I like this story because the sensational details–the crocodile attack, the fossils suspiciously getting blown up by Allied bombs–that are so well known to paleontologists are probably little known to the general public, and they make it seem like an April Fools post. Even Stromer’s ridiculous titles and weird journals. But anyone who scratches the surface will see that it’s all true. It’s a meta-April-Fools joke. When everyone is joking, telling the truth becomes the biggest gotcha.

  3. Mmmmmmm….Ubersaurus

  4. Mark Evans Says:

    Maybe Stromer had his photo taken on April 1st 1932.

  5. Nathan Myers Says:

    My question is, how did the biggest extant vert come to be ignored in a museum for ten or eleven years, before it was finally blown up? Was it smaller than A. frag., so not really very interesting? Or was it left alone out of deference to Stromer, who might still have got back on his feet, someday? Or did he actually continue to control access to it, and wouldn’t let anybody else do the work?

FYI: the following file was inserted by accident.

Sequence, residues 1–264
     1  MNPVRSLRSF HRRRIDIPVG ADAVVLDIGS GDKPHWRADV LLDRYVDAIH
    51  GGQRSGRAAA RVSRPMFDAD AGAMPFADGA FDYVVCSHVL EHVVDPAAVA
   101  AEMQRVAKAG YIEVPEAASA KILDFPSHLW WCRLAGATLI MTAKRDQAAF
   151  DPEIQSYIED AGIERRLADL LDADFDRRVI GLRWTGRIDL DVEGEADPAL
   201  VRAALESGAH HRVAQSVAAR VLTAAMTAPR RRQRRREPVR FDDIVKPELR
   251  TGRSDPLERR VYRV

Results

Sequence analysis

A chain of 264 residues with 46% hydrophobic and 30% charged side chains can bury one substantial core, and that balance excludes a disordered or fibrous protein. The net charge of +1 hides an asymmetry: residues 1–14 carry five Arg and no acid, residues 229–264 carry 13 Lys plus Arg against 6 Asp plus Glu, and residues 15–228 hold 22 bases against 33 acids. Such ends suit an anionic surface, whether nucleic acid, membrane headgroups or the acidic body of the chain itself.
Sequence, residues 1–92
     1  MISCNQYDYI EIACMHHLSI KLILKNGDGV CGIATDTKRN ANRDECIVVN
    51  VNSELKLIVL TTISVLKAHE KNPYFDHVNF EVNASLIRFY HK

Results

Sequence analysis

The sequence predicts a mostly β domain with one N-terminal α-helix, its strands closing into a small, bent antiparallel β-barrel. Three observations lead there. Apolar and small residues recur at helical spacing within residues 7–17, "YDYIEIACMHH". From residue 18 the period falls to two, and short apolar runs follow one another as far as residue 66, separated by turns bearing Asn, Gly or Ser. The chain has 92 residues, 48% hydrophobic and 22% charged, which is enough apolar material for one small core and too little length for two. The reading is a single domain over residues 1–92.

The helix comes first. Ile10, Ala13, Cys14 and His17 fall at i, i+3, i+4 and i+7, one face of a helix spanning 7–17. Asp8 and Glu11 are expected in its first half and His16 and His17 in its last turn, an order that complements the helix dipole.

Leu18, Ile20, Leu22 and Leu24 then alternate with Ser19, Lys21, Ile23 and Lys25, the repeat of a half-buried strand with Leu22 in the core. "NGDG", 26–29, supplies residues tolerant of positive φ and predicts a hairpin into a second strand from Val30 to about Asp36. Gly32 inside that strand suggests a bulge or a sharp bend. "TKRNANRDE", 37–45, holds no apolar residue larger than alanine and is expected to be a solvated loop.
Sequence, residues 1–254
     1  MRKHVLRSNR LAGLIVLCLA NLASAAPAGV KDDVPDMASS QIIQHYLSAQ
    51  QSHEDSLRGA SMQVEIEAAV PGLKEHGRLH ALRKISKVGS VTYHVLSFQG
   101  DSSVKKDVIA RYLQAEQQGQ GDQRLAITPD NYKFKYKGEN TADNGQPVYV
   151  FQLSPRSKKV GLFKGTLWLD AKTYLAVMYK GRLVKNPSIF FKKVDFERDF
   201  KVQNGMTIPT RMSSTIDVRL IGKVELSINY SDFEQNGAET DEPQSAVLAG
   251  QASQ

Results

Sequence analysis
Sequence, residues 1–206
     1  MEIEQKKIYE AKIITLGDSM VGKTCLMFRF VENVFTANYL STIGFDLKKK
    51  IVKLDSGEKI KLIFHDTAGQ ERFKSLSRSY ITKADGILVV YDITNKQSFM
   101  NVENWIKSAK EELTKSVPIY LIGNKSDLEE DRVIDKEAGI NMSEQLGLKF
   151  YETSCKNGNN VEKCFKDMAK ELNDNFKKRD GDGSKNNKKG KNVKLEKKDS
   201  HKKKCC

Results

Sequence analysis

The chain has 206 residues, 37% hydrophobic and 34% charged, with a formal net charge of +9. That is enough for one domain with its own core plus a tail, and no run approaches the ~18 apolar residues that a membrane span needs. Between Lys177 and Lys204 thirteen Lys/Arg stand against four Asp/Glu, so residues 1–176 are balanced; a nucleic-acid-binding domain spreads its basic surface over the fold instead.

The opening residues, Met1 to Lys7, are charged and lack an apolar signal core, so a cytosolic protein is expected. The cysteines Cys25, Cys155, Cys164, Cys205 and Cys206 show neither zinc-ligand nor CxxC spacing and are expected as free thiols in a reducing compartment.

6. Matt Wedel Says:

    My question is, how did the biggest extant vert come to be ignored in a museum for ten or eleven years, before it was finally blown up?

    That’s an interesting story in its own right. The British took over Tendaguru after WWI and conducted excavations there from 1924 to 1931. Tendaguru is distant in time and space from the Upper Cretaceous rocks of Egypt, but at the time it was the only other well-represented dinosaur fauna from Africa. While most of the Brits, including Parrington, Migeod, and Leakey, poured their efforts into Tendaguru, a graduate student named Leigh Chadwick got curious about the Bahariya Oasis collection. He thought there might be evolutionary links between the two faunas, so he traveled to Munich to visit Stromer.